New Delhi: Union Finance Minister Nirmala Sitharaman during the winter session of Parliament, in New Delhi on Tuesday, December 20, 2022. (PTI Photo/Manvender Vashist Lav)(PTI12_20_2022_000241B) | Photo credit: Manvender Vashist Lav
Finance Minister Nirmala Sitharaman will continue on the path of fiscal consolidation and will opt to reduce the fiscal year 24 budget deficit to 5.8% in the next budget, analysts said on Tuesday.
The government could opt for a fiscal deficit figure that will be well below the 6.4% of GDP budgeted for FY23, they said, setting the budget figure for the next fiscal year at between 5.8 and 6%.
Given that this will be the last full budget of the current government, the temptation to make it an expansionary budget could be strong. In the two years following the pandemic, the budget deficit – one of the key parameters for assessing macroeconomic stability which also influences inflation – increased to 9.3%.
India will have to continue on this path of fiscal consolidation and it does not have the luxury of stopping for the next few years, analysts have made clear.
“The fiscal consolidation path promised by the government will require a Herculean effort over the next few years. Think of it as a long-distance cyclist who has to keep pedaling hard to reach the finish line; if he were to stop suddenly, it is likely to fall,” HSBC India chief economist Pranjul Bhandari said in a note.
“A lower fiscal deficit is essential for India’s macroeconomic stability, especially in an uncertain global environment,” she added.
SBI economists said they expected the budget, due to be announced on Feb. 1, to peg the budget deficit at nearly 6%.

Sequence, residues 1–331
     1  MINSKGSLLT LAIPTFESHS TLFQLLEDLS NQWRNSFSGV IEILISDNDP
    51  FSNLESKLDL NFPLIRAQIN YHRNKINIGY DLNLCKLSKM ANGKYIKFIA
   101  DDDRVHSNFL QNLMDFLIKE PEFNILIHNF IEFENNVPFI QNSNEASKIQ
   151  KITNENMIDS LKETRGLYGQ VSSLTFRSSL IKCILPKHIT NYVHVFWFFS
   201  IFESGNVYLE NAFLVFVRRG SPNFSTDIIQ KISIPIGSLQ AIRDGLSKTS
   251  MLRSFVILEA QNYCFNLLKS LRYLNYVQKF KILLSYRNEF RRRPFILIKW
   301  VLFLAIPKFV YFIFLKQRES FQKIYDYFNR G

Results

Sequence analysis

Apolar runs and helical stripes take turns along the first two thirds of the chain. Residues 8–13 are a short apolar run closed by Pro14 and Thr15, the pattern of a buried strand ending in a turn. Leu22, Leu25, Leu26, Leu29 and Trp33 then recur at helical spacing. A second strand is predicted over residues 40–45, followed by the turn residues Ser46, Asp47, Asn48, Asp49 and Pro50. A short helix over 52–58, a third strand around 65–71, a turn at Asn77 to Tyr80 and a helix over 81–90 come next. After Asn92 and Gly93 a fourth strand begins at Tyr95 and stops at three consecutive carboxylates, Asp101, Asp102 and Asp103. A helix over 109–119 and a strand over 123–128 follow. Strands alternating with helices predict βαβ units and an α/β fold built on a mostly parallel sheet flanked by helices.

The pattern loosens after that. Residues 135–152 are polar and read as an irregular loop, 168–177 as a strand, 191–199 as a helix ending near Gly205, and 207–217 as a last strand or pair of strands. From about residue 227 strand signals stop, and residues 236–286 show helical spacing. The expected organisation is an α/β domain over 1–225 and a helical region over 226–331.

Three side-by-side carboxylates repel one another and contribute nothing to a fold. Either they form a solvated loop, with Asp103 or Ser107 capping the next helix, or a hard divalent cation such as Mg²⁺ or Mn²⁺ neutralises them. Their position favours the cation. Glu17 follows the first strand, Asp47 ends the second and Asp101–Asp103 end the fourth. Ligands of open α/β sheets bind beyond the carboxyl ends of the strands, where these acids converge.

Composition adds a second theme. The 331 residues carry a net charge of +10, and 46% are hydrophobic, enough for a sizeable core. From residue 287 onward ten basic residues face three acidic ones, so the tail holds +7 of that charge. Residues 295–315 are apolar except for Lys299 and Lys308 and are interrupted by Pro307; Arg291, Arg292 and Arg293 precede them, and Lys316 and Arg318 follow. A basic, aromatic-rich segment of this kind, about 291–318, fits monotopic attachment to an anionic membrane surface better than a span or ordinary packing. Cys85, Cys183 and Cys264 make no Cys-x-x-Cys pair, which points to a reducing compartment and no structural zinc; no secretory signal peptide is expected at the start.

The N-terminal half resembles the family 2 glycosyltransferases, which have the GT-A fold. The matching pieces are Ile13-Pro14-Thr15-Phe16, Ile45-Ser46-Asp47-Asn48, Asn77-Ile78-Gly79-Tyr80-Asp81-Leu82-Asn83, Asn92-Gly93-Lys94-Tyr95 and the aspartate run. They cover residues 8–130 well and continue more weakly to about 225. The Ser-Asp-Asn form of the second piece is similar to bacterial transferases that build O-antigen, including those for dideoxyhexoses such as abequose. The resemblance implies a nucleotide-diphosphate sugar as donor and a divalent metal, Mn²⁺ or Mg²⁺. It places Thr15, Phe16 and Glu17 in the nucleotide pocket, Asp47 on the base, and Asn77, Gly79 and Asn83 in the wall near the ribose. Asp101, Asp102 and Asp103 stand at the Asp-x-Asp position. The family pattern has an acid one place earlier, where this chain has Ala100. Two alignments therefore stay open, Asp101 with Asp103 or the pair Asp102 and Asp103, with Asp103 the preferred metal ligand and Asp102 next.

“The FY24 budget presents a challenge for the government to stick to the roadmap for fiscal consolidation, in a global environment of falling inflation,” the SBI economists said.
They added that India will need to grow at a faster rate to make this possible, given its estimates on spending and revenue mobilization.
SBI economists expect spending growth of 8.2% but a lower subsidy bill and revenue growth of 12.1%.
On the borrowing front, all analysts expect government borrowing in the market to be indexed higher in FY24.
Japanese brokerage firm Nomura, which pegged the budget deficit at 5.9%, said gross borrowing would rise to ₹15.5 lakh crore from ₹14.2 lakh crore in FY23, while the SBI estimated it at ₹16.1 lakh crore.
In its note, HSBC said the year before the election is generally associated with low privatization revenue and spending pressures, and included it among the challenges the government is expected to face.
Markets will seek transparent and credible tax calculations, direct tax reforms, lower tariffs on imports and a push for capital spending in the budget, he added.